You argue passionately in your book that we are "eating our seed corn" when it comes to "human capital. "What do you mean by that?
When I was president, one-third of the cost of students' education was paid for by tuition. The other two thirds was paid for by the state and federal governments. Today, that proportion has been directly reversed. It's two-thirds tuition and one-third state and federal [money]. That has consequences that I point out when I say we're eating our seed corn. These changes in priority are having a negative impact on the capacity and ability of higher education to provide and invest in the future capital of the country.
It must break your heart when you consider the many talented people of limited means who are being excluded from the kind of opportunities you describe.
Yes, absolutely. One of the things I find amazing and disturbing is that recent studies show that if you have a family with an income level in the top quartile in the United States, the children of that family have an 85 percent likelihood of attending a college or a university. In the bottom quartile, you child would only have an 8 percent chance of going to college. That, to me, is completely impossible to consider. Here you have a major sector of society which is being denied the opportunity to receive that education and to develop their individual capital, their intellectual capital, which would make a contribution to our society. It's not only a moral imperative, it's also national interest imperative. This is not only minorities. This is also rural people, low-income people and families who have students who could make a major contribution.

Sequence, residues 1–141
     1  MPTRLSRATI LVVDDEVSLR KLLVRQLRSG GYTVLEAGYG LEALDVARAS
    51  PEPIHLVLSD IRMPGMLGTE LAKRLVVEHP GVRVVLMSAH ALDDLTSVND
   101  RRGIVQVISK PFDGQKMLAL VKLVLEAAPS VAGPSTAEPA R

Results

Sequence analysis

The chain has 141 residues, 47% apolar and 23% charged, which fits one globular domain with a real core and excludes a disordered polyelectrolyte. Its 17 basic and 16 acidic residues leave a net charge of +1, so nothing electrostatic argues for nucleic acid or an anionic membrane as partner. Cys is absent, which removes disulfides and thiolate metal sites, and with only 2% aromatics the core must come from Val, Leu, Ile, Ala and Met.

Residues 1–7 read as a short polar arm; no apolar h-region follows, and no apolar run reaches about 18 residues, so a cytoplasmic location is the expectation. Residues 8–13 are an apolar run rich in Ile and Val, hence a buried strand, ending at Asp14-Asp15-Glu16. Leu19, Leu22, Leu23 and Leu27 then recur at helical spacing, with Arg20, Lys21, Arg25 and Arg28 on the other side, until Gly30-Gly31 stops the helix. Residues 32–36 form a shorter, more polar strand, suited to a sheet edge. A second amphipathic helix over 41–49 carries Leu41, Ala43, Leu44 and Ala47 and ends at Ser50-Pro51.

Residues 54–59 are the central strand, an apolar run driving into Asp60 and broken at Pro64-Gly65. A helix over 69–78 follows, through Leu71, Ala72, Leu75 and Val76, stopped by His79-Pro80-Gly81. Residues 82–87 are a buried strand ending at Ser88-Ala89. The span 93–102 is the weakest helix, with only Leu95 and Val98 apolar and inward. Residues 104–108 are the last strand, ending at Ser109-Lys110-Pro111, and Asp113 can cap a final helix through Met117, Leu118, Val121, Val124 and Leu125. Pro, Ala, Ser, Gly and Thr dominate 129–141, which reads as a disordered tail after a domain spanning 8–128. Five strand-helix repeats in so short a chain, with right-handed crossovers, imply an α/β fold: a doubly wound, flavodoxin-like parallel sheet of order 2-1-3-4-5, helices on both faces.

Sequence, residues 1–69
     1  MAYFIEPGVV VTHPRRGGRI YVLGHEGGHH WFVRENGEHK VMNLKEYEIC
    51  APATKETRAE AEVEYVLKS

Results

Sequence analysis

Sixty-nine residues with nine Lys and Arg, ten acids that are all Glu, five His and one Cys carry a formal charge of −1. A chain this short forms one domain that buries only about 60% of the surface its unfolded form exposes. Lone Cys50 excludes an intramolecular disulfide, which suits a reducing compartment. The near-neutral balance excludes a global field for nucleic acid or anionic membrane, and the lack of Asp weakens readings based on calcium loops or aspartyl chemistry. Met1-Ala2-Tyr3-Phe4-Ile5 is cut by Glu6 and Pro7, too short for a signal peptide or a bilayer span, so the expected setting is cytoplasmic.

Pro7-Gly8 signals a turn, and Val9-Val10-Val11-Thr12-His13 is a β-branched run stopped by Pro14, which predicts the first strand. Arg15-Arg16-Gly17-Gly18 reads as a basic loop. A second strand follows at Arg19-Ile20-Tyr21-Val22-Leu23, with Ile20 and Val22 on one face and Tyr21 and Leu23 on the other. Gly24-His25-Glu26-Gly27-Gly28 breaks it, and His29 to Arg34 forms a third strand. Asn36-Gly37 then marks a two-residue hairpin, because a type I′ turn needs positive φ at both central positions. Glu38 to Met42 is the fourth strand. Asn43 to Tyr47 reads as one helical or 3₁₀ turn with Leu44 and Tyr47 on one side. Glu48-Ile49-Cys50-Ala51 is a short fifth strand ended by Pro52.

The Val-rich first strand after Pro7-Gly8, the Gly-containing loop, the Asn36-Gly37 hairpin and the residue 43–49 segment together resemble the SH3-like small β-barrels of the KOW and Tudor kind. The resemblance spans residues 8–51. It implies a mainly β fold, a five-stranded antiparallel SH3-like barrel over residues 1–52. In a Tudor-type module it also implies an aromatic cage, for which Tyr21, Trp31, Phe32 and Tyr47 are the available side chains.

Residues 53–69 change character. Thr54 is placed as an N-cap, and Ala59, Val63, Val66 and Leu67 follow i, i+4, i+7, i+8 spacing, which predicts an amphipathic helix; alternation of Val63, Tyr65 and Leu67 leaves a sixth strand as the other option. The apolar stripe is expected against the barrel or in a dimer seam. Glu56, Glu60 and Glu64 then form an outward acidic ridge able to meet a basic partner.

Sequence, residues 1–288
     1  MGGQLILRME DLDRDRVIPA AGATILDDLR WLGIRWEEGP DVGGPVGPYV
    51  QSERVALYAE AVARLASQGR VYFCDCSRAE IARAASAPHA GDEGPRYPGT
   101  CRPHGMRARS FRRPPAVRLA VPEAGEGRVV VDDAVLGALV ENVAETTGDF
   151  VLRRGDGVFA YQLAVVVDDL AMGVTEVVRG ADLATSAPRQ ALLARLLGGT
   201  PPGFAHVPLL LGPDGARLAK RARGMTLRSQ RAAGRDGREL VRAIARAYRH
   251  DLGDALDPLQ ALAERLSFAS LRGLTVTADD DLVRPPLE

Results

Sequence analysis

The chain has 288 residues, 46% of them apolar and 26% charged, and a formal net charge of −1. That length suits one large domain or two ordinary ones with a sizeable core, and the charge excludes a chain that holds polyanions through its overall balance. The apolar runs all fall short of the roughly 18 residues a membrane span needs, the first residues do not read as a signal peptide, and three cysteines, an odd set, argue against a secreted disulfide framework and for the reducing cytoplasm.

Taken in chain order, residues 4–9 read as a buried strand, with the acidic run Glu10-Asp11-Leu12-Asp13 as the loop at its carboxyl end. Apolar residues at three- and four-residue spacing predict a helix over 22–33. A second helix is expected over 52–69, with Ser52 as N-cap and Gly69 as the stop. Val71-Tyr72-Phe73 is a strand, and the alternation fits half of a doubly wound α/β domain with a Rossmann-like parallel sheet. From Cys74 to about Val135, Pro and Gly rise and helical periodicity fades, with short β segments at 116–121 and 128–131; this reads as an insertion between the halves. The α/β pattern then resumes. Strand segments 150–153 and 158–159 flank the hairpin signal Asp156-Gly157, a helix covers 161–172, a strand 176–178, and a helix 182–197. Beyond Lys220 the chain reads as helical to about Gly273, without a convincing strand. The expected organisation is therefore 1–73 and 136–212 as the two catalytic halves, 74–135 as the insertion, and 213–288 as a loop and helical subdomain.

It's very frightening when you think of 10, 20, 30 years from now, what the socioeconomic stratification will look like.
In your book, you write about the many forms that racism and discrimination have taken in your life.